Rice defends Indo-US nuclear deal as net gain for non-proliferation
Washington, Apr 5 (UNI) US Secretary of State Condoleezza Rice urged the lawmakers to lend their support to the Indo-US civilian nuclear initiative as it was important to the United States and global non-proliferation regime.
In her testimony before the Senate Foreign Relations Committee here today she said, ''President Bush and I look forward to the Congress as a full partner in this initiative. Your support to this legislation is crucial and we ask you to lend it.'' ''Together we can seize this tremendous opportunity to solidify a key partnership that will advance American interests,'' she added.
Rice asserted, ''this deal is positive for United States national security interest because it will help us first cement our strategic partnership with India, which is very important for our global interests.'' ''we believe we can address criticisms and I will address them here,'' She said.
''First India would never accept a unilateral freeze or cap on its nuclear arsenal. We raised this with the Indians, but the Indians said the deal's plans and policies must take into account regional realities. No one can credibly assert that India would accept what would amount to an arms control agreement that did not include other key countries, like China and Pakistan,'' she explained.
''Second the initiative with India does not seek to renegotiate or amend the NPT. India is not and is not going to become a member of the NPT as a nuclear weapons state. We are simply seeking to address an untenable situation. India has never been party to the NPT but this agreement does bring India into the non-proliferation framework and thus strengthen the regime.'' She ruled out the possibility of an arms race in South Asia after the deal.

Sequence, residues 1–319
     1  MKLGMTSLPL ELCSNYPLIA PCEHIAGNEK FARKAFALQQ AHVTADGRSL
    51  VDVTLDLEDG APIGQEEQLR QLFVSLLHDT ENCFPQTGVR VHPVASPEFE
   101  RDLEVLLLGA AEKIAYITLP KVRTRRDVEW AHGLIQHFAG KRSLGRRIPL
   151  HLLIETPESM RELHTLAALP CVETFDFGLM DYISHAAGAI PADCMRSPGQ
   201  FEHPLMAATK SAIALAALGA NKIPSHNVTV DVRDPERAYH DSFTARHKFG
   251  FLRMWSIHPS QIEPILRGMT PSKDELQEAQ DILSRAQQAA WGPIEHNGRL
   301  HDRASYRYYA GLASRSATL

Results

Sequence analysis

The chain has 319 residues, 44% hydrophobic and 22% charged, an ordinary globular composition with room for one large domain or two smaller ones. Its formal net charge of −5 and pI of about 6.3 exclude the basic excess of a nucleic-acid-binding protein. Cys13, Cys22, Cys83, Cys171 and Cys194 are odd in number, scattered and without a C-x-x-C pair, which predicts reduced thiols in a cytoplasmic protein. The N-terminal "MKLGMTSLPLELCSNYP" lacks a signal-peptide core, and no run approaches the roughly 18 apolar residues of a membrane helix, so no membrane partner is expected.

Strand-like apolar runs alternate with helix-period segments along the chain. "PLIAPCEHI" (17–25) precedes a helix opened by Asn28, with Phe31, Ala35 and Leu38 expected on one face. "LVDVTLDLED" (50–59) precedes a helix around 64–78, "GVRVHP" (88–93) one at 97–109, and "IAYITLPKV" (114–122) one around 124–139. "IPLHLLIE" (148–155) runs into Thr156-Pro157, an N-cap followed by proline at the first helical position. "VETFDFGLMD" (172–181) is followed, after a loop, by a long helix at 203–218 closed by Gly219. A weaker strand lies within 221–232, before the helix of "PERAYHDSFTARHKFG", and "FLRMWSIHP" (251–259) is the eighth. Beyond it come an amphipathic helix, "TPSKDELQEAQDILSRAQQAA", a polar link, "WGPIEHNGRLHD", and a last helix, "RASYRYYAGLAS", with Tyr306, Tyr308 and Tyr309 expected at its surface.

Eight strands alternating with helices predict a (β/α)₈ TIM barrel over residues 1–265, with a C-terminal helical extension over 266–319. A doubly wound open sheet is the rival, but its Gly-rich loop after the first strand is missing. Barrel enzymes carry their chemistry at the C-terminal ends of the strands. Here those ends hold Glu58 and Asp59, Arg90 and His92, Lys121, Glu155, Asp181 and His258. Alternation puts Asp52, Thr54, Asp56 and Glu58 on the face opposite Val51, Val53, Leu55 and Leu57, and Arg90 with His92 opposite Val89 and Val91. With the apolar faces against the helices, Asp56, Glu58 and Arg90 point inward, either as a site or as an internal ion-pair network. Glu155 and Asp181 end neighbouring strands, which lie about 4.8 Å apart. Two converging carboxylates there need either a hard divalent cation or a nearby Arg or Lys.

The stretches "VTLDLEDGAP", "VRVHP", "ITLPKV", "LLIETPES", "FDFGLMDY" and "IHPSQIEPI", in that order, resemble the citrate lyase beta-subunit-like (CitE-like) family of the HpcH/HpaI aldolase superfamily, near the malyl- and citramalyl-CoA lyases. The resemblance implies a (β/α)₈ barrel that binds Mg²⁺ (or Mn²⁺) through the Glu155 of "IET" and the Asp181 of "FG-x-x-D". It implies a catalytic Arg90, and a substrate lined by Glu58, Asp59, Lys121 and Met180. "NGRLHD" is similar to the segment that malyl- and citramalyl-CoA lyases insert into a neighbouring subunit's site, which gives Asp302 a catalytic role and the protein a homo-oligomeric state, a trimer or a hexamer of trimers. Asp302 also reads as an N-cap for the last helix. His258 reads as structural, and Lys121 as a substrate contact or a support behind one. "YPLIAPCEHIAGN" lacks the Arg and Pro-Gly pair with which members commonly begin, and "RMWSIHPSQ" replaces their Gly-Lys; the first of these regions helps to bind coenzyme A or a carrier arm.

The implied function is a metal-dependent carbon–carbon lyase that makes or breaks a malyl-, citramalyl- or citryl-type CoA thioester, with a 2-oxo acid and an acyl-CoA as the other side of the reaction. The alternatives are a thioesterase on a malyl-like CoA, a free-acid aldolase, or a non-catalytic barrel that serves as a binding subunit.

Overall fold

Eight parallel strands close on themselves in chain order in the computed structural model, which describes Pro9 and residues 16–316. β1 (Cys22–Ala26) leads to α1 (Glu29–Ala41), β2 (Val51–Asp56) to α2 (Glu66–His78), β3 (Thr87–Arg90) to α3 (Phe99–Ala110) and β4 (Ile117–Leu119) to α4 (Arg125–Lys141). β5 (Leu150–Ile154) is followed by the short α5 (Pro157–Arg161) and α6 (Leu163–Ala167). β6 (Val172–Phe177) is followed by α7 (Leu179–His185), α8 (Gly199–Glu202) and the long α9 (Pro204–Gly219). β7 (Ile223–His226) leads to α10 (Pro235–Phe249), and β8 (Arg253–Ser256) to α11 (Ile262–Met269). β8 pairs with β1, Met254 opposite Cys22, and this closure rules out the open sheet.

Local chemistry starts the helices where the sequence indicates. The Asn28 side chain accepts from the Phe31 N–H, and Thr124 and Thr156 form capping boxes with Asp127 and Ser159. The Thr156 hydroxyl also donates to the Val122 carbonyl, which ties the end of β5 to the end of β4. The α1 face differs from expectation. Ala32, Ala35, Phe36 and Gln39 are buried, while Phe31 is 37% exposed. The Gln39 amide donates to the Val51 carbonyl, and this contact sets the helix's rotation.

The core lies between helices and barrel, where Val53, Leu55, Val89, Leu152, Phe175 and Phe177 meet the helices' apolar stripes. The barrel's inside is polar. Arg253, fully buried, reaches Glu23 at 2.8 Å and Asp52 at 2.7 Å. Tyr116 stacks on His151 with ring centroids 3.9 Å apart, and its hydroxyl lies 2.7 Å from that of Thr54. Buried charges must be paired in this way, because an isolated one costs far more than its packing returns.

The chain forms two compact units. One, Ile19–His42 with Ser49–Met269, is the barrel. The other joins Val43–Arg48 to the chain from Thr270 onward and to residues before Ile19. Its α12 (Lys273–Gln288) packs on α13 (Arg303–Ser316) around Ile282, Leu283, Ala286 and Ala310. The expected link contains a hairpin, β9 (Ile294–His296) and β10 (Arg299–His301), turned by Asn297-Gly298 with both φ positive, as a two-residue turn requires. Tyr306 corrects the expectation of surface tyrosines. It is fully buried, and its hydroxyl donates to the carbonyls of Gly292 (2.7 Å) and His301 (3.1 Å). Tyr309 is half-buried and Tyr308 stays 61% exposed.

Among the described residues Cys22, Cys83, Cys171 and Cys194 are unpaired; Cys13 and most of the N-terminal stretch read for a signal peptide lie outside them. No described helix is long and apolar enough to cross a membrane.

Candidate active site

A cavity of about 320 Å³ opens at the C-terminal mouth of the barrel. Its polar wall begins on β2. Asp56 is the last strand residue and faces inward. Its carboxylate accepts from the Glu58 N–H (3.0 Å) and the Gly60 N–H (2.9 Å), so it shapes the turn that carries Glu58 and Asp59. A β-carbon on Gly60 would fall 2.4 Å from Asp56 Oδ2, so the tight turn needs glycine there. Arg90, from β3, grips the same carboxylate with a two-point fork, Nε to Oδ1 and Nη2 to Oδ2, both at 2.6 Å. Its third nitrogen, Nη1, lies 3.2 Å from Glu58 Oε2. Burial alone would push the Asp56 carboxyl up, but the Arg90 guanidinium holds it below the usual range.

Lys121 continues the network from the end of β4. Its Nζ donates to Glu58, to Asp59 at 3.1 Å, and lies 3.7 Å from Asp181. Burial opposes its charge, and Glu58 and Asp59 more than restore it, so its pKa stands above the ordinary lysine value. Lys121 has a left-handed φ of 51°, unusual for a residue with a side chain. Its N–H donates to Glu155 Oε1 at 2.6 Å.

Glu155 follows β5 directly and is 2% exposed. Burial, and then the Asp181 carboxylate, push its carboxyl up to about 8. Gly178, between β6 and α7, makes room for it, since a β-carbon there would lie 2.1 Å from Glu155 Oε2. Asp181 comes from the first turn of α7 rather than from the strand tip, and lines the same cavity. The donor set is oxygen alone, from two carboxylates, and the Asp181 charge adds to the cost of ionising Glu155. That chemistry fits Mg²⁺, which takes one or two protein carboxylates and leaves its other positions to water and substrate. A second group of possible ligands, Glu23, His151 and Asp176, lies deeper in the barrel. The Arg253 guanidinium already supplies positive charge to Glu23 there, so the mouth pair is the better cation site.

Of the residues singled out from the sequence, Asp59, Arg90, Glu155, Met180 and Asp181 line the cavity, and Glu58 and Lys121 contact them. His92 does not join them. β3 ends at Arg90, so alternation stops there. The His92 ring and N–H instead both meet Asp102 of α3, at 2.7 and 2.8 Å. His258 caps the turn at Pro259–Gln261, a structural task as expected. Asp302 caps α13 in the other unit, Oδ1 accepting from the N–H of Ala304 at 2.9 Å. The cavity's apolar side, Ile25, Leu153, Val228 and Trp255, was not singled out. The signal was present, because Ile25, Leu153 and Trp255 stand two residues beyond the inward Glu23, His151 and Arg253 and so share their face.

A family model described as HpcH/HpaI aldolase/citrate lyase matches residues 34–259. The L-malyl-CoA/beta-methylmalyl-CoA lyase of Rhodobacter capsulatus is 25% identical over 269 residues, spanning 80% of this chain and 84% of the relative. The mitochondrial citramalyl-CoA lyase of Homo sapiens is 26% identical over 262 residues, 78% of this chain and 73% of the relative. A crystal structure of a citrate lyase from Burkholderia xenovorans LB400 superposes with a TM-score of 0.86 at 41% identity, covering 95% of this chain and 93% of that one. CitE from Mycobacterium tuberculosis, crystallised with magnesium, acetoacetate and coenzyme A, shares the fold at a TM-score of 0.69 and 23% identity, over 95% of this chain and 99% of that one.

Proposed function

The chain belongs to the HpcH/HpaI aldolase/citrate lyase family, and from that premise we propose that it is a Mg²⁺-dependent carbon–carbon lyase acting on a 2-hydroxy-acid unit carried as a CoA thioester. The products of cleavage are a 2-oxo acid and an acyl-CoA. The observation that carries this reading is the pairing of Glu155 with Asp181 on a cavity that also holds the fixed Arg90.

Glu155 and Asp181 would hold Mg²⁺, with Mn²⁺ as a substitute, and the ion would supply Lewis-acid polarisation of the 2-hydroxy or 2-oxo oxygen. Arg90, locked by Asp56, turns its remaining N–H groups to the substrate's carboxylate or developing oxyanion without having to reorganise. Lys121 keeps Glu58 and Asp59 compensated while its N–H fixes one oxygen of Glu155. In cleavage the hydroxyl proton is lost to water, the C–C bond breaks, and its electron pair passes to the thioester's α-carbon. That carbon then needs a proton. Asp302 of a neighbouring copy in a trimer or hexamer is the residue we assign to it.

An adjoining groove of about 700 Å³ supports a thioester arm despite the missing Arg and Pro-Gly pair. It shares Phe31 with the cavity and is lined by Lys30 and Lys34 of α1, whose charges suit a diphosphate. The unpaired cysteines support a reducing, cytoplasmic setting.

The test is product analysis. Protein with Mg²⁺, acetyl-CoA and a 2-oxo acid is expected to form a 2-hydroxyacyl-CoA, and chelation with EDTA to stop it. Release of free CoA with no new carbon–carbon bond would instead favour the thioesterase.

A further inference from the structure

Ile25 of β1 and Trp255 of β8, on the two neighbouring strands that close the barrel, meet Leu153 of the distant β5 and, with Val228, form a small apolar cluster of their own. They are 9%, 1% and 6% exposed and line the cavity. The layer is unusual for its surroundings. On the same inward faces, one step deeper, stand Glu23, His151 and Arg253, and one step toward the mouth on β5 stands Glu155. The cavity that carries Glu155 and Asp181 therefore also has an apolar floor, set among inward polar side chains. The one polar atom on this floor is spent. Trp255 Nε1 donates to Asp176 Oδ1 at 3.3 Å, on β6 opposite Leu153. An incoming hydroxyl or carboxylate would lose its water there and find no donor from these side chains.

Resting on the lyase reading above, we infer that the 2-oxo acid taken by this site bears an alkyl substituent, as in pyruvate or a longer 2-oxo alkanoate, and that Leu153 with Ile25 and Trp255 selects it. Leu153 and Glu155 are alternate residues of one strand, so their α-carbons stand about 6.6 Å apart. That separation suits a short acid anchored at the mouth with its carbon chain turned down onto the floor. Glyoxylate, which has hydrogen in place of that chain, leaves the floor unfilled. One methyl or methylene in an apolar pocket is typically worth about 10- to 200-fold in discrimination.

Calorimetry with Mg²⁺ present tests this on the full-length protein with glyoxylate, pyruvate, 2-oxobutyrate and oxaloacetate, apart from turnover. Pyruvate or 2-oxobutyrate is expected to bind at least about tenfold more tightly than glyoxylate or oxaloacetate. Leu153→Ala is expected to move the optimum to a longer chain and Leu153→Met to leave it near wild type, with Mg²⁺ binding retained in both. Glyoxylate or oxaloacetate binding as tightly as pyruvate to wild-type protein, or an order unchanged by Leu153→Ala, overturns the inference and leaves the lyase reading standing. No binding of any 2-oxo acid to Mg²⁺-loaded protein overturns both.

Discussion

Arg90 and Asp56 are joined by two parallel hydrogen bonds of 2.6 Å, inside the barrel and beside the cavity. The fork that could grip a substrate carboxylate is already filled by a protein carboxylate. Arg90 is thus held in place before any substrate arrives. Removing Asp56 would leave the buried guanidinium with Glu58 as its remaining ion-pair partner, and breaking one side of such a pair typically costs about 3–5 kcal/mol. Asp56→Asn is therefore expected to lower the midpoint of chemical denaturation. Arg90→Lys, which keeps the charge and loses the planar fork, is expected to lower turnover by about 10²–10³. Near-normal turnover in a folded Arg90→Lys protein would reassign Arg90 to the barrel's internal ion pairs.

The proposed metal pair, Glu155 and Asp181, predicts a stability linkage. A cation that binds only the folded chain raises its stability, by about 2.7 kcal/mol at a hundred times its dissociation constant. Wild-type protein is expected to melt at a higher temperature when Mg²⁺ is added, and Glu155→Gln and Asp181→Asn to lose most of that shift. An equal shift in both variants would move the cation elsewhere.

''Nothing we or any other potential international suppliers provide to India under this intiative will enhance its military capacity or add to its military stockpile. Moreover, the nuclear balance in the region is a function of the political and military situation in the region.'' ''We are far more likely to be able to influence those regional dynamics from a position of strong relations with India and indeed with Pakistan,'' she said.
She said, ''this initiative does not complicate our policies towards countries like North Korea or Iran. It is simply not credible to compare India to North Korea or to Iran. While Iran and North Korea are violating their IAEA obligations, India is making new obligations by bringing the IAEA into the India program and seeking peaceful international cooperation.'' More UNI XC PM BS2201